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Thursday, 27th September, 2012, 03:10 AM #1
Scout (Lvl 6)
Playtest packets -- keep em coming until the release! + some release day surprises!
the subject title says it all. I think you all are EXACTLY who should be vetting the D&D next edition. I wanna play it for ten years. I want it to work through all levels of play without breaking down. I want it to be fun, fast-paced, not frustrating, logical, elegant, streamlined, yada yada.
You're on the right track, design then vet, feedback, critique, then design again, and so on and so forth until the product is perfected. I work in software and WISH we had 2 year beta periods to perfect the core design and all the implications of "this", and "that".
okay I'm a little drunk but this is META. This is just about *the process*. Humans working towards an optimal solution of an INSANELY complex combinatorial problem. Reading some of you guys' posts here makes me happy that there are kindred and no-so-kindred spirits who think differently but towards a common goal. That is EXACTLY what's required in fact! A synthesis of playstyles, biases, and ideas. The sum of critiques should find some eigenvalues where the right blend of combat speed, danger, excitement, storytelling and roleplaying all amount to an experience that NO videogame can ever achieve.
D&D Next must not just survive, it has to be GOOD. It has to hit all the major notes.
Don't let us down. We'll help correct the course, if you listen. But in the end, it's up to you. Because AI and MMOs and VR are coming, and we still need a reason to get together on a wednesday night and hang with the bros and just kick it old school. Let's keep it going! And I say this as a videogame programmer who has a personal stake in people using computers more, not less.
Last edited by Gorgoroth; Thursday, 27th September, 2012 at 03:19 AM.
Thursday, 27th September, 2012, 03:48 AM #2
Rock on drunk man!!
Thursday, 27th September, 2012, 05:19 PM #3
Thaumaturgist (Lvl 9)
On the subject of release day surprises, I can pretty much guarantee they'll never show us their full hand in the playtests.
If they did, there would be much less motive to actually buy the game.
Thursday, 27th September, 2012, 05:40 PM #4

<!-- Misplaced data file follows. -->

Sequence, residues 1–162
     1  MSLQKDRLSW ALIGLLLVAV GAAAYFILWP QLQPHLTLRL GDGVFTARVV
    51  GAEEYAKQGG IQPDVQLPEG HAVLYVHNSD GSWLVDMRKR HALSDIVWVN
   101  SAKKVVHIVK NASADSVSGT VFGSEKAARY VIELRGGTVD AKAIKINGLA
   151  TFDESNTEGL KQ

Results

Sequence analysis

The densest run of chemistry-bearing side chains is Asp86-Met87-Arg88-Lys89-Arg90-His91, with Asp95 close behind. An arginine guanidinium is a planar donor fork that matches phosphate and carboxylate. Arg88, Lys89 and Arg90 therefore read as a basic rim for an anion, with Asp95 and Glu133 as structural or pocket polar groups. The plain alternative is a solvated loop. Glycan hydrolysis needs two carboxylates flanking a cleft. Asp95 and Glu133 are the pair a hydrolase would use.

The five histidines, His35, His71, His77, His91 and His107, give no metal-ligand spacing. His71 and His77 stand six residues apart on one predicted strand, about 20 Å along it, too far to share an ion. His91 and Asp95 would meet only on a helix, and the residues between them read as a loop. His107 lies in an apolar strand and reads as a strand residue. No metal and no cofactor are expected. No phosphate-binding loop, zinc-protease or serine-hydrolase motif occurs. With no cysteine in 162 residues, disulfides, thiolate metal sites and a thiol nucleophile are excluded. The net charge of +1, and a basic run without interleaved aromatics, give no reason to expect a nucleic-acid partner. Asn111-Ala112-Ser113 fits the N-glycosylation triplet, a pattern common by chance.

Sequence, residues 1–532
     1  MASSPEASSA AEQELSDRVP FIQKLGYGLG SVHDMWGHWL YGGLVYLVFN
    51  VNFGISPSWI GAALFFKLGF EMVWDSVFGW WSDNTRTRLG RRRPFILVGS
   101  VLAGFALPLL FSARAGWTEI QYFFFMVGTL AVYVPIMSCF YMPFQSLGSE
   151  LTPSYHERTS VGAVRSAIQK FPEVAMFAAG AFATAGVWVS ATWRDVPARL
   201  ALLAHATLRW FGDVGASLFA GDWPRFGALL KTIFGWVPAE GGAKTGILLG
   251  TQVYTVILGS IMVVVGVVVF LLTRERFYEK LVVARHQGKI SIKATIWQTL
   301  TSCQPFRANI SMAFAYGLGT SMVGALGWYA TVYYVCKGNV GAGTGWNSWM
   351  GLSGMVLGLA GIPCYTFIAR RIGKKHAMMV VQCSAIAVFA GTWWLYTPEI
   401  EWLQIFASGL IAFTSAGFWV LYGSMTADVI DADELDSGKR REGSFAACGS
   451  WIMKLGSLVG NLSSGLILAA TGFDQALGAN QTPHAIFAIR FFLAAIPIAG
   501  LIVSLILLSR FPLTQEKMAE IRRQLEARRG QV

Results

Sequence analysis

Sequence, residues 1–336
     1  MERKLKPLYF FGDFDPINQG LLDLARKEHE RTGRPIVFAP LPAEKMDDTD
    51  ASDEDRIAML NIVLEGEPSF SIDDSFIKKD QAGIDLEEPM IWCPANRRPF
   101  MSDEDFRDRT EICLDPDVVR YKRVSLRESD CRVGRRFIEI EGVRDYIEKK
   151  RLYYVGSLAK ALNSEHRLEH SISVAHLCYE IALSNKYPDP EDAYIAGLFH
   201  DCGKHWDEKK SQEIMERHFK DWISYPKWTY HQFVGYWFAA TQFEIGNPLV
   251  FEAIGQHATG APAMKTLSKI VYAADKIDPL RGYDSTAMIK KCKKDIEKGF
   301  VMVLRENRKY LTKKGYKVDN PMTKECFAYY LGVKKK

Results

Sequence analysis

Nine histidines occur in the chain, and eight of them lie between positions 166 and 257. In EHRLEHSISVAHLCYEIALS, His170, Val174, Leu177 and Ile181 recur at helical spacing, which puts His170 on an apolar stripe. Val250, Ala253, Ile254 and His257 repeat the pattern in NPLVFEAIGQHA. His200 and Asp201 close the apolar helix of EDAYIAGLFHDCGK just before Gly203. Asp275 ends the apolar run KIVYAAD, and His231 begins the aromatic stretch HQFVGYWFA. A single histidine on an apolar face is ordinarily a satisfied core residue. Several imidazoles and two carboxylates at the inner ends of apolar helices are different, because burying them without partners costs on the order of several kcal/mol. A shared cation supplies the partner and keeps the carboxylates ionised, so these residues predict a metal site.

Defender (Lvl 8)
- Join Date
- May 2012
- United States
- Read 0 Reviews
ø Block slobster
I mean, two things I know about us RPG folks.
1) We love free stuff.
2) We love drawing our line in the sand about our favorite version of D&D, then not budging from it.
Thursday, 27th September, 2012, 05:51 PM #5
Thaumaturgist (Lvl 9)
It would work within a group that has been playtesting through the whole process, though.
I also won't be surprised if somebody eventually writes up the playtest ideas in new language and publishes them under the OGL, which would do an end-run around the legal issues.
Wednesday, 3rd October, 2012, 04:08 AM #6
Enchanter (Lvl 12)
I think you said elsewhere and more soberly that design by committee produces suckage. I am more inclined to agree with that.
Wednesday, 3rd October, 2012, 05:18 AM #7
Spellbinder (Lvl 16)
Wednesday, 3rd October, 2012, 05:38 AM #8
Scout (Lvl 6)
of course we'll buy the books if we play
The cost per hour of D&D is next to nothing compared to the cost of virtually any other form of mass entertainment. I mean, in our old AD&D group, we must have spent a total of thousands of dollars among us on books and whatnot, but divided over 20 years of playing it (many of my friends still do), it's nothing.
And yes, I did say in other threads that design my committee is fail, but there's a subtle but real difference between the users being the designers (too many cooks), and a feedback loop that acts like a hone to sharpen the edges that should be sharp, and a buff other parts that should be smooth but have bumps and imperfections.
My old AD&D DM is intrigued by this edition, since 3rd and 4th both do not appeal to him and his players. Another friend of mine, who was a DM and a player at various times, is now prepping a 5e game for next year, full rules or no full rules. So I'm one of those guys who'll slavishly devour the free stuff, and still buy the official stuff once it comes out, because we don't want to wait two years for the final product.
Longer + wider beta periods can build hype if the product is inherently good, even a cult following. But I still hope when it finally comes out there are some aspects to the game that are still unknown...who doesn't like surprises! Especially ones that are...gah, awesome.
The idea of chosing your magic system in Core would for example go a long way to establishing that as an option, rather than rely on DM fiat only in some later volume like Unearthed Arcana. There's a lot of good stuff happening, and having the game be a success on all those fronts we've already mentioned could re-kindle regular hang out times with several gamer factions in my life that have long since gone their own ways (==editions)
One edition to rule them all, would rock. It won't be perfect, but the lofty goal of merging the rifts by making a game that different styles of D&D players can enjoy at the same table is really, well, important to me. ..
//yes I am a dork (and not drunk 2nite!! "not I'm not gonna get liquored up tonight.")
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